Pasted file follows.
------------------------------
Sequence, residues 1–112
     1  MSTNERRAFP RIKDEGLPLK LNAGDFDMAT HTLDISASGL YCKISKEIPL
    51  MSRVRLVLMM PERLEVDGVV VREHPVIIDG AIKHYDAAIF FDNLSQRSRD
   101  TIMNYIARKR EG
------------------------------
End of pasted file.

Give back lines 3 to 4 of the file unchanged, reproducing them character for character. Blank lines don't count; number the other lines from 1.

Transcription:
    51  MSRVRLVLMM PERLEVDGVV VREHPVIIDG AIKHYDAAIF FDNLSQRSRD
   101  TIMNYIARKR EG